Bitbucket Pipelines supports caching build dependencies and directories, enabling faster builds and reducing the number of consumed build minutes.

What is dependency caching?

Most builds start by running commands that download dependencies from the internet, which can take a lot of time for each build. As the majority of dependencies stay the same, rather than download them every time, we recommend downloading them once into a cache which you can reuse for later builds.

Set up caching

To enable caching, add a caches section to your step .

Here's an example of how to cache your node_modules directory for a Node.js project using a pre-defined cache.

1 2 3 4 5 6 7 8 9 10 bitbucket-pipelines.yml pipelines: default: - step: caches: - node  script: - npm install - npm test

The first time this pipeline runs it won't find the node cache and so the npm commands will download dependencies from the internet. For future builds, our service will have them cached, so loading them into your build will be quicker.

Pre-defined caches

Pipelines provides pre-defined cache locations for commonly used language tools:

Cache name

In your step



1 2 caches: - docker

n/a -  we create the cache from the layers generated by your build


1 2 caches: - composer



1 2 caches: - dotnetcore



1 2 caches: - gradle



1 2 caches: - ivy2



1 2 caches: - maven



1 2 caches: - node



1 2 caches: - pip



Note: When you use the sbt tool you need to enable both the sbt and ivy2 caches.

1 2 3 caches: - sbt - ivy2



Pre-defined caches don't support file-based cache keys. To better manage cached content, define a custom cache with file-based cache keys.

Custom caches for other build tools and directories

If your build tool isn't listed above, you can still define a custom cache for your repository in your bitbucket-pipelines.yml file. First, in the definitions section of the yml, define the cache name and the directory to be cached, then you can refer to that cache in any step:

1 2 3 4 5 6 7 8 9 10 11 12 image: ruby:2.4.0 pipelines: default: - step: caches: - bundler #cache is defined below in the definitions section script: - bundle install --path vendor/bundle definitions: caches: bundler: vendor/bundle

The defined cache will be saved after the first successful build.

Cache directory paths can be absolute, or relative to the clone directory, for example:

  • $HOME/.npm

  • ~/.gradle/wrapper

  • /usr/local/lib/node_modules

  • vendor/bundle

Note that, for Ruby, you should install gems in a separate location from the system's gem repo, like this:

1 $ bundle install --path vendor/bundle

Caching with file-based cache keys

Custom caches can support file-based cache keys as an alternative to the basic `cache-name: /path` configuration. File-based cache keys allow for the generation and restoration of caches based on a set of files. Any changes to those files would result in a new cache.

A typical use case might involve defining a cache key based on files that define a project's dependencies. Pipelines can restore cached dependencies from the cache to avoid retrieving them from external sources and save time during builds. When dependencies are updated, the hash of the cache key files changes, and Pipelines creates a new version of the cache.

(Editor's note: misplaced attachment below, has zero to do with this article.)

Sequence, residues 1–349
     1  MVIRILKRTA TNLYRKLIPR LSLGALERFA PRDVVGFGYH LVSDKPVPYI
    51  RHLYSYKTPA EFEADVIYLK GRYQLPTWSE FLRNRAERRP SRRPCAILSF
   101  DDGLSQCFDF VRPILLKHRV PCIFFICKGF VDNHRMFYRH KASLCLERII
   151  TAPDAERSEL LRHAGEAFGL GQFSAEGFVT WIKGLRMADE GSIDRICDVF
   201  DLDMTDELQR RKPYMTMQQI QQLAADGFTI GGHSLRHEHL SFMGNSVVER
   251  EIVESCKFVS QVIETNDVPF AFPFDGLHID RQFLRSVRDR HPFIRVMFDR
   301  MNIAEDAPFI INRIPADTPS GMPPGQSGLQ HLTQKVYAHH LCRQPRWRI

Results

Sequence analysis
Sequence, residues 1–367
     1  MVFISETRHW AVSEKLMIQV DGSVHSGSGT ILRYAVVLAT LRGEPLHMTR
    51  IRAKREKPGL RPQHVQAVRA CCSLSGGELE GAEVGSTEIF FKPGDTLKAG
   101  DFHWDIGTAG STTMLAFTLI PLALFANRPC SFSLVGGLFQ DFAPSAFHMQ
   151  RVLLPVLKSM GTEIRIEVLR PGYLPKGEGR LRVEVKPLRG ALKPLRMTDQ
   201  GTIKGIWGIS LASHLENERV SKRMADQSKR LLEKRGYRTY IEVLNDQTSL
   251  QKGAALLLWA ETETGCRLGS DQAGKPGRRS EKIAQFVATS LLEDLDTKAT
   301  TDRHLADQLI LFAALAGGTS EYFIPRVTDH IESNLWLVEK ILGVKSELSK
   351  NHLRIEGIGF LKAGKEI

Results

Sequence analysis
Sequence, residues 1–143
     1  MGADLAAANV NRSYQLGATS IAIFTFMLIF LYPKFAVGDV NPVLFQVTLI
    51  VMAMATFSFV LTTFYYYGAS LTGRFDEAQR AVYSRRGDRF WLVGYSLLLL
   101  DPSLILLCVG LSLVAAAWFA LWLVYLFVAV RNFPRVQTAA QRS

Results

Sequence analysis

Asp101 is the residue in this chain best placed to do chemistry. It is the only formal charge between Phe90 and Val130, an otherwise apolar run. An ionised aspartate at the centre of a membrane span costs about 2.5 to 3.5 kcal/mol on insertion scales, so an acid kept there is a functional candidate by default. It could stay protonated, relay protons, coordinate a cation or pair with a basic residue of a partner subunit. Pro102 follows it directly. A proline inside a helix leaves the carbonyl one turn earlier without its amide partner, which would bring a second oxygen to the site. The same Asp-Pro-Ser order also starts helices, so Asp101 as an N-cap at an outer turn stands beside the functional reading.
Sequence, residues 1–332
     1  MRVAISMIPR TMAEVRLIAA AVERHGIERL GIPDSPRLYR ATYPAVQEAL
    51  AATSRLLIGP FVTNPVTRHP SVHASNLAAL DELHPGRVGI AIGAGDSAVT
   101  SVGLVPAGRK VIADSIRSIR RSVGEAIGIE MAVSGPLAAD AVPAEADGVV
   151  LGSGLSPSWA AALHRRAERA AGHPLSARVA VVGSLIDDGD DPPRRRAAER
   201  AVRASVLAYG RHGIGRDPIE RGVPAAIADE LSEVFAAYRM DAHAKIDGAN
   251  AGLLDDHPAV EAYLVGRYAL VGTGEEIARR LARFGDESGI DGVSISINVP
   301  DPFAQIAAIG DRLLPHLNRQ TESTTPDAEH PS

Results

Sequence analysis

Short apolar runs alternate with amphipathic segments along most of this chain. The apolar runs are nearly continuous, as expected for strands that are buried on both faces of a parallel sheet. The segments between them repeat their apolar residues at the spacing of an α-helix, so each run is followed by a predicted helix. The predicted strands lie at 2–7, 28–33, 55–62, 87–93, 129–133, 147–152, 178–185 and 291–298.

1 2 3 4 5 6 7 8 9 10 11 12 13 14 15 16 17 definitions: caches: my-bundler-cache: key: files: - Gemfile.lock - "**/*.gemspec" # glob patterns are supported for cache key files path: vendor/bundle pipelines: default: - step: caches: - my-bundler-cache # Cache is defined above in the definitions section script: - bundle install --path vendor/bundle - ruby -e 'print "Hello, World\n"'

Caching multiple directories

Some builds might benefit from caching multiple directories. Simply reference multiple caches in your step like this:

1 2 3 4 5 6 7 8 9 10 11 12 image: openjdk:8 pipelines: default: - step: caches: - gradle # pre-defined cache - gradlewrapper # custom cache that must be defined below script: - ./gradlew build definitions: caches: gradlewrapper: ~/.gradle/wrapper

How does caching work?

When does a cache get saved?

Caches are saved on successful builds when the cache is empty. Only caches under 1GB once compressed are saved.

For the cache to compress to under 1GB, the size of the original images in the docker daemon must be < 2GB.
You can check the size by adding this command to the script in your bitbucket-pipelines.yml:

1 docker image inspect $(docker image ls -aq) --format {{.Size}} | awk '{totalSizeInBytes += $0} END {print totalSizeInBytes}'

When does a cache get restored?

At the beginning of each build, saved caches are downloaded if available and placed in their directories.

When does a cache get cleared?

Any cache which is older than 1 week will be cleared automatically and repopulated during the next build. Additionally, caches can be cleared manually in the Bitbucket UI. Just choose Caches at the top right of the Pipelines page, then delete a cache from the list using the trash icon:

Best practices

Dependency caching is all about reducing build times by avoiding downloading and building the same files repeatedly.

That means you should cache things like:

  • Language-specific dependencies.

  • Binaries of dependencies that take a while to compile.

You shouldn't cache:

  • Sensitive data such as passwords and credentials

Note: We do not cache symlinks, so if your dependencies rely heavily on them caching may not be efficient.

Remember that caches are temporary, so your builds should be configured to work whether or not the cache is present.

Additional Help